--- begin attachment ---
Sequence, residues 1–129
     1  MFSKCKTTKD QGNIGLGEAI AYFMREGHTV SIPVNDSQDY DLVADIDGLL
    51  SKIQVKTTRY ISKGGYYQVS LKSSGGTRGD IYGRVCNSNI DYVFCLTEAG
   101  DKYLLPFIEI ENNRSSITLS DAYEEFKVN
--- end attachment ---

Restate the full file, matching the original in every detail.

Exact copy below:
Sequence, residues 1–129
     1  MFSKCKTTKD QGNIGLGEAI AYFMREGHTV SIPVNDSQDY DLVADIDGLL
    51  SKIQVKTTRY ISKGGYYQVS LKSSGGTRGD IYGRVCNSNI DYVFCLTEAG
   101  DKYLLPFIEI ENNRSSITLS DAYEEFKVN